eleventh and twelfth grades who will make applb
cation for the class. Work will be offered on
the following units of the trade including blue
print reading, carpentry, plumbing, decorating,
and masonry. Industrial arts I and II are a
pre-requisite to this course.
Every farm boy who is interested in get-
ting the most out of farming, learning the best
and most efficient methods, will be vitally in-
terested ln the vocational agriculture OOUPBSS
offered in our school. The past few years have
seen great changes in the methods and machinery
used in farming. One of the aims of high school
vocational agriculture is to offer information
to rural youth which will enable them to keep
abreast of the constant changes.
Agriculture I is an introductory courseand
aims to present the facts and knowledge that
are vital to a successful farming business. The
various crop and animal enterprises are analinm
and subdivided into the different jobs which
are essential in the carrying out of any farm-
An analysis of the enterprises enables the
student to compare and use his information in
solving the different problems on the home farms
Every enterprise has a certain number of approv-
ed practices. Approved practices are methods
and procedures used by successful farmers. This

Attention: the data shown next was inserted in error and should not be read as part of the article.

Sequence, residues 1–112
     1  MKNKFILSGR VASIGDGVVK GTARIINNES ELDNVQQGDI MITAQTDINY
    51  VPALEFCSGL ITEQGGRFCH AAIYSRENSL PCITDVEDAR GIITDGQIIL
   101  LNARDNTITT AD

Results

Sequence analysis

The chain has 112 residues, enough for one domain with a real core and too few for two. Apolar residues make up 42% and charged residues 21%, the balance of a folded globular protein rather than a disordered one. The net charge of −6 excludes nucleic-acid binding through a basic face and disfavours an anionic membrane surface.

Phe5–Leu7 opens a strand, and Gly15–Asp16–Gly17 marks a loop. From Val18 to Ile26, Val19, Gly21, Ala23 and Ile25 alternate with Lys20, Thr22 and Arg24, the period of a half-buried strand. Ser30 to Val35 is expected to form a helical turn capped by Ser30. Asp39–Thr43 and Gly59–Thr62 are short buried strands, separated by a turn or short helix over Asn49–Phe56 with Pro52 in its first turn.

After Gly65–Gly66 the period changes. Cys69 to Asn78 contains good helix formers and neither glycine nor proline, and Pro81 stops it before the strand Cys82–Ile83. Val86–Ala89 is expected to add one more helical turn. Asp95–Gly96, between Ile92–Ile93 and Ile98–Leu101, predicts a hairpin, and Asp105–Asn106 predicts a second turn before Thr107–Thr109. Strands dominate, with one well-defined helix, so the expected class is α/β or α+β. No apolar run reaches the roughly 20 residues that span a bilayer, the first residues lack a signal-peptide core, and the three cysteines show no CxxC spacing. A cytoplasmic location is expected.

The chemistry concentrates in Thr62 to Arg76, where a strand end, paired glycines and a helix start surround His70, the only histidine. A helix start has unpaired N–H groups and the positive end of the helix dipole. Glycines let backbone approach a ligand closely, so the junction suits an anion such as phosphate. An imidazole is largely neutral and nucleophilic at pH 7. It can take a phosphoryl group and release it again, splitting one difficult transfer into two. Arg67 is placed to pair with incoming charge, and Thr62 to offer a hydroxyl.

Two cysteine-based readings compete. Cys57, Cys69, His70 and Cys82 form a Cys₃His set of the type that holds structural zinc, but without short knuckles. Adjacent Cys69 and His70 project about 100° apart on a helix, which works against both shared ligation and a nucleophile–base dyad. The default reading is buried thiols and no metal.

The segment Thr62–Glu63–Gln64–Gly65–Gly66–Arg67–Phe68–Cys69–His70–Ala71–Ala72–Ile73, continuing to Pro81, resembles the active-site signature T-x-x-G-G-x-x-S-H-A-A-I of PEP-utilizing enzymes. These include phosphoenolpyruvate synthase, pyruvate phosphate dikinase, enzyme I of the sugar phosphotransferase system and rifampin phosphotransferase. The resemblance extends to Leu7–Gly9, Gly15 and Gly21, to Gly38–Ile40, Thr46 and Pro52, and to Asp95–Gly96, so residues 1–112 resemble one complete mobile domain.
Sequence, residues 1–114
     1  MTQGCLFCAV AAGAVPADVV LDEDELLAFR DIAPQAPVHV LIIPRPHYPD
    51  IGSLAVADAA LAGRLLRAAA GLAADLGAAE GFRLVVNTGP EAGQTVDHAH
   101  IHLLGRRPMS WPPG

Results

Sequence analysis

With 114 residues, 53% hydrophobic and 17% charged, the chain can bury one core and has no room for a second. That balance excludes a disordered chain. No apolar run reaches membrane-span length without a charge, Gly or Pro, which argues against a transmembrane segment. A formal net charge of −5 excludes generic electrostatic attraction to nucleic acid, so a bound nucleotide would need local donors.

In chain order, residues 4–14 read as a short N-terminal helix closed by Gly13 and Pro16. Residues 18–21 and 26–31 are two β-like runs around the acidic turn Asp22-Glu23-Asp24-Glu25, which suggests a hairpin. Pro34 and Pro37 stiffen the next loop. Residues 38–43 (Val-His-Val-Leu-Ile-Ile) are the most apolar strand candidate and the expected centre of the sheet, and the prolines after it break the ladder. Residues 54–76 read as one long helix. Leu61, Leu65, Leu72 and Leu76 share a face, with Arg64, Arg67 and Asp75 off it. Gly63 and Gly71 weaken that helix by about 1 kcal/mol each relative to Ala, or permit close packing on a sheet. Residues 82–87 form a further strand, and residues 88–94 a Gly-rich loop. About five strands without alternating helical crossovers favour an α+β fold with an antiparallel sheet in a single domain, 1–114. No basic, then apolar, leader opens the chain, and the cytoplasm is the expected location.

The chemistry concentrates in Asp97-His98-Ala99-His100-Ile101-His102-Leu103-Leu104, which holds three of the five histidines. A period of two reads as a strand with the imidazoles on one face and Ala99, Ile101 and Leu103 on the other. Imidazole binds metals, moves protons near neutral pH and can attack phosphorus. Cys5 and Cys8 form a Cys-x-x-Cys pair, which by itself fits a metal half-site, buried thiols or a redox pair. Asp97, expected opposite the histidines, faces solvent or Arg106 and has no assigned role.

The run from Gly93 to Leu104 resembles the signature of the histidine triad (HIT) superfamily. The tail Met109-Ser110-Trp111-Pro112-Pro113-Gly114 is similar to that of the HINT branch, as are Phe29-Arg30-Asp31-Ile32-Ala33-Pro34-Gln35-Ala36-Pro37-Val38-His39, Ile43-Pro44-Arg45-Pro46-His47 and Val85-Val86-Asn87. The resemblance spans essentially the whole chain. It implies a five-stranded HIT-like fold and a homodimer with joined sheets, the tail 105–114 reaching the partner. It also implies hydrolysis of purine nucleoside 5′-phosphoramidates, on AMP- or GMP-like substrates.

course motivates a desire for self and home im-
provement and easily makes a student ask him-
self the question, What can I do to help make
the home farm more profitable during my four
years in high school?
Opportunity is provided for appropriate
work in farm practice on the home farm. The
following are thefarm practice projects usually
selected: dairy records, chick raising, egg and
feed records, raising capons, turkey raising,
sheep and swine records, bees, variety trials
on crops, hybrid corn.
Agriculture II gives the student a work-
able knowledge of the skills associated with
the crop and animal enterprises. Improvement
practices can be illustrated by the following
problems: balance rations, culling, caponizing,
post mortem on diseased animals, rope splices
and haulters, livestock judging, dairy records,
grafting fruit trees, vermin and parasite con-
trol, feeding poultry and sheep.
Agriculture III gives the student more in-
tensive training in the crop and animal enter-
prises along with a more advanced type of in-
formation. A few illustrated problems are!
growing crops to furnish balanced feedsg judg-
ing poultryg animal breeding and- pedigrees,
Mendel's lawg engineering problems, such as,
farm sanitation, drainage, water supply, barn